Movie Review: Twilight
By Matthew Huntley
November 24, 2008
They begin dating and Edward tells her his history and displays his powers, including his remarkable speed, strength, and abilities to climb trees and jump great distances. Unlike traditional vampire mythology, Edward isn't harmed by sunlight. Instead, his skin sparkles in it, "like diamonds." He and his family have also learned to feed on the blood of animals so they can live peacefully among humans. In this respect, they're different from other living vampires, including the evil James (Cam Gigandet) and Victoria (Rachelle Lefevre), who hunt humans for sport and have their eyes set on Bella.
If you're used to any number of television shows on the CW network, you should have a fair idea of what Twilight is like. That is to say, the dialogue is brief and literal, the characters are very image-conscious and the acting is laughable. I resist calling the movie bad because it wasn't made for me. It was made for people who read and enjoyed the book. They'll eat this up because they'll look beyond the writing, directing, acting and special effects simply because their idols and favorite characters are occupying the screen.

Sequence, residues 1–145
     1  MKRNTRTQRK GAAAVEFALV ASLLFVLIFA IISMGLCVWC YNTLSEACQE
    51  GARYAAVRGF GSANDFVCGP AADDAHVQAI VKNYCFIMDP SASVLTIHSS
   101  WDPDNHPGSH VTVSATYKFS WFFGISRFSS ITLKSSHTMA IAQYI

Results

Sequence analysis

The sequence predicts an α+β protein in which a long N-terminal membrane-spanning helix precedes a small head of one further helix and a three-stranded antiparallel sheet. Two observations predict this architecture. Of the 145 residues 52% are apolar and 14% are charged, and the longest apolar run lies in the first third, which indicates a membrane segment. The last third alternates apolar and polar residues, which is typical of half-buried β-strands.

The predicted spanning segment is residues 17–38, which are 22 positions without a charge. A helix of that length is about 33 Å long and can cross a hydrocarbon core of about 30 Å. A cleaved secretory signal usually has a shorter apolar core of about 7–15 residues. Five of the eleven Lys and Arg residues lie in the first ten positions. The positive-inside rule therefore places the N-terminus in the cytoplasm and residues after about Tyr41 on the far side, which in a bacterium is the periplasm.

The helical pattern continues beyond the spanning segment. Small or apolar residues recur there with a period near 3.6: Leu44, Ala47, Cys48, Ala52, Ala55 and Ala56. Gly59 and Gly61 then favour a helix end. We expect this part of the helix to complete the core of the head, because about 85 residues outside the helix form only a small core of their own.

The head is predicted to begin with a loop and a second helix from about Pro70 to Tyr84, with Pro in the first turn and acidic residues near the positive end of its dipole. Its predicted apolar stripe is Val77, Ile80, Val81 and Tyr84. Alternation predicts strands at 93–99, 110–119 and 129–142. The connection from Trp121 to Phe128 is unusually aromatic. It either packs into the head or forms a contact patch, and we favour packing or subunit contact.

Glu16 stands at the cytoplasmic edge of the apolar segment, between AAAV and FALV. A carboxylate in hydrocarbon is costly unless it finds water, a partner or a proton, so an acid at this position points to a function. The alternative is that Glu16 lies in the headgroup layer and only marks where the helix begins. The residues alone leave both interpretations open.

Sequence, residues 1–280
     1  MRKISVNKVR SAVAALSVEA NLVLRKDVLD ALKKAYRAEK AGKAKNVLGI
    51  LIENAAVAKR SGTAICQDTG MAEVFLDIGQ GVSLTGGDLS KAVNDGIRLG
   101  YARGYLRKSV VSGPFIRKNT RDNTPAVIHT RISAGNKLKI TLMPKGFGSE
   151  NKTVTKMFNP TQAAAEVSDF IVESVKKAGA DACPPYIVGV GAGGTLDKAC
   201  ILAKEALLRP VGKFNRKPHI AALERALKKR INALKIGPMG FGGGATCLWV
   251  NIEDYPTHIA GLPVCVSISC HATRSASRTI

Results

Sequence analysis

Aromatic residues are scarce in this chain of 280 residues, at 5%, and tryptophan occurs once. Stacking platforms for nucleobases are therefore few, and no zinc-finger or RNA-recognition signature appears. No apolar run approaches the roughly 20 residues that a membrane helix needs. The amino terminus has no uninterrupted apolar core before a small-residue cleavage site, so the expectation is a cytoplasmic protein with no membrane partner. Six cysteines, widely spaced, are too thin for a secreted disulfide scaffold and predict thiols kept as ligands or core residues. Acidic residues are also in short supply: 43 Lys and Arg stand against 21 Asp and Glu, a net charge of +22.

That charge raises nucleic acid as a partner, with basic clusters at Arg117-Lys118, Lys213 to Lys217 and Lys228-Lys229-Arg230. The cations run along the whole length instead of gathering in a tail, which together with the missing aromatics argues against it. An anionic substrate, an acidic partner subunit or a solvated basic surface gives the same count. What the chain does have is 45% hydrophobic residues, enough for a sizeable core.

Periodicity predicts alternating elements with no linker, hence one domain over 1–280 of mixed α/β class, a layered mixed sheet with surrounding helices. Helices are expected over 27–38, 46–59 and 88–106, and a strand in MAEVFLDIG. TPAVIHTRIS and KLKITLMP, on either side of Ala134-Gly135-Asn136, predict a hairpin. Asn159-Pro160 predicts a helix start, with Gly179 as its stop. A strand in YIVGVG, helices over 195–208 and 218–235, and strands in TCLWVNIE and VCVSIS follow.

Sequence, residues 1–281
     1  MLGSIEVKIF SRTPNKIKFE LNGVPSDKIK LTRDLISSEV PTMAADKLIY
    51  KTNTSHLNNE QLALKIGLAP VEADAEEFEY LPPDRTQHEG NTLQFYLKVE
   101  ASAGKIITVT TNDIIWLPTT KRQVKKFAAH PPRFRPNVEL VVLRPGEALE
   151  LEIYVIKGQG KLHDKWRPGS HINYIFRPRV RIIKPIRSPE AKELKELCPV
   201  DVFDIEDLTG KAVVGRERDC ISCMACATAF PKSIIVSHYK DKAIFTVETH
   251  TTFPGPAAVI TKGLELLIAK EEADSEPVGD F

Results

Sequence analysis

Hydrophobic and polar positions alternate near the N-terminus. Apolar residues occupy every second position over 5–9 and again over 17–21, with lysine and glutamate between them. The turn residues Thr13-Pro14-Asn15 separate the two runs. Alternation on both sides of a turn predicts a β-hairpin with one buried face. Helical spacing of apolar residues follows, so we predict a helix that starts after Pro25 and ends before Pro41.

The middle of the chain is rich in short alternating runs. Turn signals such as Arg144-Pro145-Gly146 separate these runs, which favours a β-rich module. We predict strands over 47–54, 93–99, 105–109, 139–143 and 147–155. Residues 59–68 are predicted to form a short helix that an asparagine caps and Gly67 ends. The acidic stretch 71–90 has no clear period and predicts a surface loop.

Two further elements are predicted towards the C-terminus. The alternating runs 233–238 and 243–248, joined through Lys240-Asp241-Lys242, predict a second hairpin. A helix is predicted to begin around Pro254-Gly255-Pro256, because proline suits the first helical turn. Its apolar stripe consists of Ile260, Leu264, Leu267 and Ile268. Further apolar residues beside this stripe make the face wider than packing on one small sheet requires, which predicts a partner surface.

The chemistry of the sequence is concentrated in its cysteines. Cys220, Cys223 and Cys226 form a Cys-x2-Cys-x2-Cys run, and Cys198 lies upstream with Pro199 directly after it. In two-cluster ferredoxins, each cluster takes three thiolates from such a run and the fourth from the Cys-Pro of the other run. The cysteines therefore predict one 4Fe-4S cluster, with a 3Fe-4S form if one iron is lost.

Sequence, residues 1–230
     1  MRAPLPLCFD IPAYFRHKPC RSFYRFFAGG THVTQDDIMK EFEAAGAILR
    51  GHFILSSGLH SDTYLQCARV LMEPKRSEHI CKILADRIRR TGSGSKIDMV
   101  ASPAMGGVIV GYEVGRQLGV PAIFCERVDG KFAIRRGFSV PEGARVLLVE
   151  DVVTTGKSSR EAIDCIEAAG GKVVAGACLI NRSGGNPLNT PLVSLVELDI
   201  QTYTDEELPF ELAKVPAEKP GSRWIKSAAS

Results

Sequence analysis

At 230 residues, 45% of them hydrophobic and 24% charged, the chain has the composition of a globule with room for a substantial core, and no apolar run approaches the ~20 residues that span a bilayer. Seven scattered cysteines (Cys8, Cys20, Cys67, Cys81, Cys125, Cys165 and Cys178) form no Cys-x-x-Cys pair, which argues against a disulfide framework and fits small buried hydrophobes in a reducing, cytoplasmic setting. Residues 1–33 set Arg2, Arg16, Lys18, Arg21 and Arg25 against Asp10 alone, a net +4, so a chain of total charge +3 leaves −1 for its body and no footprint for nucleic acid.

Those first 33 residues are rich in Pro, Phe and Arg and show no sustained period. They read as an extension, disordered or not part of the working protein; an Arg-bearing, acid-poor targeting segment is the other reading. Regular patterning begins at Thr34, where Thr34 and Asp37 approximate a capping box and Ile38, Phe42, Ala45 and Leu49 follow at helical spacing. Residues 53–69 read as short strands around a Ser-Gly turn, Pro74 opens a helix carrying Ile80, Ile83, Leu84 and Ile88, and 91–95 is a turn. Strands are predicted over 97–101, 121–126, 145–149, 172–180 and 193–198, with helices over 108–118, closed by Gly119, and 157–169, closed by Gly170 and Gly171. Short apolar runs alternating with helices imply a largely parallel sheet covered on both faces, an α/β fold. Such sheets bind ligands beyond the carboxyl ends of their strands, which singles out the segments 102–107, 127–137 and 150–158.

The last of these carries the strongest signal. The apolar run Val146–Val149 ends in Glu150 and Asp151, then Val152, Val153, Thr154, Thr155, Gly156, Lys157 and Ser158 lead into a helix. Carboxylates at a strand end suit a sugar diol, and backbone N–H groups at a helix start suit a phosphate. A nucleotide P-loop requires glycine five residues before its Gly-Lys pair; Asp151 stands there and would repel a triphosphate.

I, on the other hand, won't look beyond the movie's flaws. The direction is dry and uninspired, the acting is stiff and the special effects are drab and shoddy. The acting, in particular, induces unintentional laughter because the actors appear so self-conscious and speak their words in monotone. There's no fluctuation or emotion behind them. It has the air of a teenage soap opera, which, I understand, some people enjoy, but aren't the standards of a theatrical movie experience supposed to be higher than this?
There are some good moments too. I liked, for example, the idea of Bella feeling nervous that Edward's family isn't going to like her - not because she's human, but because she's different. It's kind of touching when the entire Cullen clan goes out of their way to make Italian food for her. There's also a great looking aerial shot of Edward and Bella high up in a pine tree. It looks as though the actors were really up there without any safety nets.
Ultimately, though, from the point of view of someone who looks at "Twilight" as a movie and not as a way of life, I found it amateurish. When you place it alongside the plethora of other vampire stories within the pop culture landscape, the most comparable being the Buffy the Vampire Slayer TV series, it lacks wit, sophistication and insight. It feels superficial and seems to only care about giving fans of the book what they want, not what's good enough for the narrative or medium.
I didn't have a bad time at Twilight necessarily; in fact, the movie held my attention and made me laugh a lot. It works as second-rate escapism and will likely please fans of the book (I say this because I met one on the way out, a 13-year-old girl, who was gushing over the movie), but this will probably be the only group it pleases.